Zipcar is adding its voice to the increasingly loud criticisms of advertising agencies when it comes to transparency (or lack thereof) about their digital ad buying practices and pricing.
Two years ago, Zipcar dumped its digital ad agency and elected to shift all of its online ad buying to “programmatic” or data-driven, automated channels, said Chief Marketing Officer Brian Harrington. Part of the rationale for that move–besides a drive towards efficiency–was that Zipcar didn’t totally trust its ad agency.
“A big piece of my frustration in working with a traditional agency is that it felt like a black box,” Mr. Harrington said. “I didn’t like the feeling that agencies play games and direct business to their trading desks. As a CMO, that is extraordinarily frustrating for me.”
Mr. Harrington was referring to the practice that many ad agencies within larger holding companies employ these days. These ad conglomerates typically own digital ad buying specialty divisions–often referred to as trading desks–which focus on programmatic ad buying, but vary in how much they disclose to their clients about how they operate. In some cases, these trading desks simply buy ad space on various digital ad exchanges, often using different sets of data to target ads at specific audiences.
Other agency trading desks actually purchase media inventory upfront at wholesale prices using automated technology and then resell it to individual agency clients, promising highly sophisticated ad targeting using different data sources. In some cases, individual clients do not have any transparency into what prices these trading desks pay upfront for this media inventory.
Zipcar’s comments once again raise questions about the viability of the traditional agency model as firms lose the trust of clients because of their perceived lack of transparency. Executives from agencies like Omnicom and Publicis have already found themselves playing down concerns about widespread kickbacks.
Mr. Harrington, who joined Zipcar as interim CMO in 2012, declined to identify the digital agency that Zipcar had worked with previously. DigitasLBi handed Zipcar’s digital media buying from mid-2012 through part of 2013, according to people familiar with the matter.
“DigitasLBi operates on a fully transparent model for and behalf of all of our clients–past, present and future,” said a Digitas spokeswoman. “Our clients have applauded our transparency, and characterize us as ahead of the industry.”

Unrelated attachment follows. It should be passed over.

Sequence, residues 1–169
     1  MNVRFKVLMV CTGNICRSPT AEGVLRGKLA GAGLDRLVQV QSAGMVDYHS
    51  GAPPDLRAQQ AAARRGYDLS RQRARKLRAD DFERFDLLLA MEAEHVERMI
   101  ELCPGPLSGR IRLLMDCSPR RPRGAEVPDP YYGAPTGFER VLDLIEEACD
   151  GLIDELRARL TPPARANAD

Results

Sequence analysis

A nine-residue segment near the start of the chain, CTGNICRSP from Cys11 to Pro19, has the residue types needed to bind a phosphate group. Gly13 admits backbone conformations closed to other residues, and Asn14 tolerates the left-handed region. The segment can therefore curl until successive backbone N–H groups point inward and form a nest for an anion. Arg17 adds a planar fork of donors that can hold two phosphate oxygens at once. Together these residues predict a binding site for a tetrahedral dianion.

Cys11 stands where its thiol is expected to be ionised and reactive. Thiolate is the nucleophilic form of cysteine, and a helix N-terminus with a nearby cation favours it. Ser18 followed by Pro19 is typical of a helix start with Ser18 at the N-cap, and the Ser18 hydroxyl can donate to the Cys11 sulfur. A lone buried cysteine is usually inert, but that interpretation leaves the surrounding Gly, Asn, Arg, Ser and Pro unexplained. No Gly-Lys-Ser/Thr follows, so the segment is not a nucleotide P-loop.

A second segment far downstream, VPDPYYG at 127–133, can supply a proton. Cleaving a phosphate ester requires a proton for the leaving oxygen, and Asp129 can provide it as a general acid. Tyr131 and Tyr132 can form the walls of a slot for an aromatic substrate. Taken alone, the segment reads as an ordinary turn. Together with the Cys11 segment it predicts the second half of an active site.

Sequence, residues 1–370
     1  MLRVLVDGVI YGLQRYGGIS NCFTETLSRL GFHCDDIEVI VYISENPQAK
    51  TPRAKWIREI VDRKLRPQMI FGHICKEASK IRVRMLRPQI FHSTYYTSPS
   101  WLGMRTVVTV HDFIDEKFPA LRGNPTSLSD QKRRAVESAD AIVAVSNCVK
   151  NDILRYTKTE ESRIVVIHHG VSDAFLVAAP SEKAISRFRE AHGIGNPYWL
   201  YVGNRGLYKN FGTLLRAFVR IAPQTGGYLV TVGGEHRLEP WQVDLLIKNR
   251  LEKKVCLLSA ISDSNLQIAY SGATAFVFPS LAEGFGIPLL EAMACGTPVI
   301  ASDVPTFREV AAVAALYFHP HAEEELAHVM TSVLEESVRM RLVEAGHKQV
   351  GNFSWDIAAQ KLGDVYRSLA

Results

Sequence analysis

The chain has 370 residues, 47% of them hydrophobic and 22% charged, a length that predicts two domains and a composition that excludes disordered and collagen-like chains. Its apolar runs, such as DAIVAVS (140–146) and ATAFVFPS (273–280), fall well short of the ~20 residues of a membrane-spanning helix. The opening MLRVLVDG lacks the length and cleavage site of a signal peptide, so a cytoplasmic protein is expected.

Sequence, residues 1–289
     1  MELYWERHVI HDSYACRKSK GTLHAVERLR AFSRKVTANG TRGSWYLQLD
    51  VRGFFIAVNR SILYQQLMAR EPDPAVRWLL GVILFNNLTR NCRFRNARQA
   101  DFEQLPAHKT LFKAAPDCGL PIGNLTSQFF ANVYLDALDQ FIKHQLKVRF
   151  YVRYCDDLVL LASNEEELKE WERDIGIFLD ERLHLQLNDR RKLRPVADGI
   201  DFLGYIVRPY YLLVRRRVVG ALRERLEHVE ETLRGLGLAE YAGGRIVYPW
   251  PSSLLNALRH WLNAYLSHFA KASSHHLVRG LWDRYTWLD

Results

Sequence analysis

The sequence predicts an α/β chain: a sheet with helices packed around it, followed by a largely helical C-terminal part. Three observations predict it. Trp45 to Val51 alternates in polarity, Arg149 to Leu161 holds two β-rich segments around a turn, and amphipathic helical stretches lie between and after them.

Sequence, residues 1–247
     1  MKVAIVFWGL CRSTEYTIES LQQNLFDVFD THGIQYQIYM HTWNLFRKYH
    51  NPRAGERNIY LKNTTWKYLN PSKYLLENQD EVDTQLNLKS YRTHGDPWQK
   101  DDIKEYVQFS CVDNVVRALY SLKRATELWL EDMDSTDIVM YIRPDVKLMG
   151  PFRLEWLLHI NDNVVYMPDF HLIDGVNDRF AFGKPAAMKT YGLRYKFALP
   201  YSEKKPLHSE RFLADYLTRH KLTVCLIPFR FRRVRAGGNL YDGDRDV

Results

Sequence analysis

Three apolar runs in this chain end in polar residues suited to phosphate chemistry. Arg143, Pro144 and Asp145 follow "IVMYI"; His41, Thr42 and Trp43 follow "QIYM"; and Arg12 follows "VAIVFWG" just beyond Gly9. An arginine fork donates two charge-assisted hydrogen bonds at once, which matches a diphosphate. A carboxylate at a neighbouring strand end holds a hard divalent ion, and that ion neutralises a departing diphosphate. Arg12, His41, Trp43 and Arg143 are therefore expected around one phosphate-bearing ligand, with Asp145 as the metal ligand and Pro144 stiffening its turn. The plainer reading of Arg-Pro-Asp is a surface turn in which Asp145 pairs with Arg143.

Besides the trading desk model, Mr. Harrington–a former ad agency executive himself–cited the preponderance of “fraud” and “waste” in listing his gripes with big ad agencies.
“The strategy is often very traditional, including buying lots of ad impressions in lots of places, casting a wide net and hoping for the best,” he said. “The reason we made the move is to get beyond the approach.”
Zipcar instead began funneling all of its digital ad buying through Accordant Media, an independent programmatic-oriented media buying firm. Precision in ad targeting is crucial because Zipcar — which lets consumers rent cars for short periods of time — is only available in certain markets and typically appeals to urbanites who don’t own cars or to people who only need cars for a brief period to move or take a quick trip to the beach, said Mr. Harrington.
To that end, Zipcar is able to take its own data, blend it with other sources, and target potential customers in 31 markets, enabling the company to, for example, laser in on someone in New York who has just moved apartments, explained Mr. Harrington.
Zipcar has also been testing a proprietary set of tools Accordant has designed to help brands evaluate whether certain ad targeting data will prove effective–before they actually spend any money.
“This lets you evaluate before you regret,” said Accordant Chief Executive Art Muldoon.
That theoretically is ideal for Zipcar, which only appeals to a limited pool of people at any given time and needs to make every marketing dollar count.
“[Programmatic] lets us be super scientific in terms of dissecting consumers’ mindset and behavior on a market-by-market basis,” Mr. Harrington added. “It’s extraordinarily compelling.”
So compelling that Zipcar has actually upped its spending on digital media over the past few years, which flies in the face of programmatic advertising’s reputation for leading to reduced ad budgets. Mr. Harrington said that while Zipcar spent less than $2 million on digital media in 2013, the company’s media budget neared $5 million last year and should increase this year.
Losing out on that sort of spending surely won’t cause waves of panic in the broader ad agency world. But if enough advertisers find similar frustration with what they see as a lack of transparency among top agencies, it could set off alarms over time.
“When you are writing a check to a partner you expect them not to play games,” Mr. Harrington said. “It’s about trust.”
Источник: The Wall Street Journal